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Chefs focus on Japan at CIA conference

Worlds of Flavor kicks off in Napa Valley

Some 800 chefs and food experts have gathered this week for a three-day exploration of Japanese cuisine at the 13th annual Worlds of Flavor conference at the Culinary Institute of America’s Greystone campus in California’s Napa Valley.

The meeting kicked off Thursday with a keynote presentation by Yoshiki Tsuji, president of the Osaka-based Tsuji Culinary Institute, who walked attendees through demonstrations by three chefs representing the cuisines of Tokyo, Kyoto and Osaka.

MORE: Read Bret Thorn's observations from the Worlds of Flavor conference on his blog.

Tsuji explained that the foundations of modern Japanese culture coalesced during the Tokugawa Shogunate between 1603 and 1868. During that time, the military ruler was based in Edo, or modern-day Tokyo while the nobility remained in the ancient capital of Kyoto and the merchants set up shop in Osaka.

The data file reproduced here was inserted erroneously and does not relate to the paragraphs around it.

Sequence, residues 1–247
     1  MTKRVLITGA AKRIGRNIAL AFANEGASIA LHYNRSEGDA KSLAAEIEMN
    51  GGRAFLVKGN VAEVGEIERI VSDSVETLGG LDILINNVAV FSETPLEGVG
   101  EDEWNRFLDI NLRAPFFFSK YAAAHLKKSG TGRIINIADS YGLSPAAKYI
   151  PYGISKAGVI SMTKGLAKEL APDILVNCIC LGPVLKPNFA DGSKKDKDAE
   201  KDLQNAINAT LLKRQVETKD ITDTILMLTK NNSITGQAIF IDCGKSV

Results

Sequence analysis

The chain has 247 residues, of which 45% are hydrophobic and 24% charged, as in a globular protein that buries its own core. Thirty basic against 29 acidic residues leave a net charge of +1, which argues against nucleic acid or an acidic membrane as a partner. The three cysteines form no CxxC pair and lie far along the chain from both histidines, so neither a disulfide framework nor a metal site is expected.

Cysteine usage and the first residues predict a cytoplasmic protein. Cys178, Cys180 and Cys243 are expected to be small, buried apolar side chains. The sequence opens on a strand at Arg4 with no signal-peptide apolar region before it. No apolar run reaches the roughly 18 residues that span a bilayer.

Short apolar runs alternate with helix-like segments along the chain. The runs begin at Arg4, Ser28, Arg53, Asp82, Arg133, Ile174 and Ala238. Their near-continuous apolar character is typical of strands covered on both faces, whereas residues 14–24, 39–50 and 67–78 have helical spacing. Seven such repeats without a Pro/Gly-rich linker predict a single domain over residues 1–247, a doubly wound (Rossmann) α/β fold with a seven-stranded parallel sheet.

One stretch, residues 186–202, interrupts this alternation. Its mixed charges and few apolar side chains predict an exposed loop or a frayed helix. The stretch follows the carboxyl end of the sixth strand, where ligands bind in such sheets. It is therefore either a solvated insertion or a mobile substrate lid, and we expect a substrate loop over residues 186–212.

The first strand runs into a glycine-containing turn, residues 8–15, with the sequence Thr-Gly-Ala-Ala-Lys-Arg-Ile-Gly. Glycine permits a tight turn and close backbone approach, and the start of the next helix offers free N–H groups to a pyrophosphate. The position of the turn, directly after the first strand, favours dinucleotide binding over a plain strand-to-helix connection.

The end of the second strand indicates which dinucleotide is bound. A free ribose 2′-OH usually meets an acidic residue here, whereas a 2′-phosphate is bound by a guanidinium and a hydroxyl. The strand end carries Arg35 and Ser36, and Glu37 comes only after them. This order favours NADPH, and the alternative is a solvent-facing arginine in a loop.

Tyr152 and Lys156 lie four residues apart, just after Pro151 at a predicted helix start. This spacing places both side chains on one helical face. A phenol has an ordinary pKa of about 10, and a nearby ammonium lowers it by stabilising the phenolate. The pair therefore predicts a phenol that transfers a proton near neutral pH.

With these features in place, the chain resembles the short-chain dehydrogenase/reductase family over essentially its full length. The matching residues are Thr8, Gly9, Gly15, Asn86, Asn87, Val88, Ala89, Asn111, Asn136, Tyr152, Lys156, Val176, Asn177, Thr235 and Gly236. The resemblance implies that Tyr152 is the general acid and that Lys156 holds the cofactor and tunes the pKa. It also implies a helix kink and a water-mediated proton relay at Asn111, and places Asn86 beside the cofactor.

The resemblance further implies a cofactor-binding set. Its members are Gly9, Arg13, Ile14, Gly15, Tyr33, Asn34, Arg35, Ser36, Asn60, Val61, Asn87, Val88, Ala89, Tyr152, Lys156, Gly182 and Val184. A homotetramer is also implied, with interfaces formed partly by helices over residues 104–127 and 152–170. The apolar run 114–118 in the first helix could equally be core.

Thus high-class kaiseki — the seasonally focused meal that was served at the most regal tea ceremonies — developed in Kyoto.

In Osaka, the shipment center for the entire empire, became the entrepôt where the wealthiest people could enjoy the best ingredients.

In Tokyo, the de facto capital, laborers from throughout the country came to work, often without their families, and so the Japanese equivalent of fast-food — items such as sushi, tempura, grilled eel and soba noodles — were developed.

The keynote presentation by Tsuji was followed by a “marketplace” that included performances of Japanese song and dance and samplings food and drink, including sparkling, aged and unfiltered sake, Spanish Cava paired with mackerel and kombu seaweed marinated with rice vinegar, and adzuki-bean-and-chocolate Opera desserts made by White House pastry chef Bill Yosses.

Although the theme of the conference is Japan, modern American trends were much in evidence, including an abundance of pork belly. Some of it was skewered with shishito peppers, while other preparations included braised belly served with either red miso or fermented soy powder — the latter for people seeking lower-sodium options. Pork belly also was served with shiso and apple salad.

Contact Bret Thorn at [email protected].

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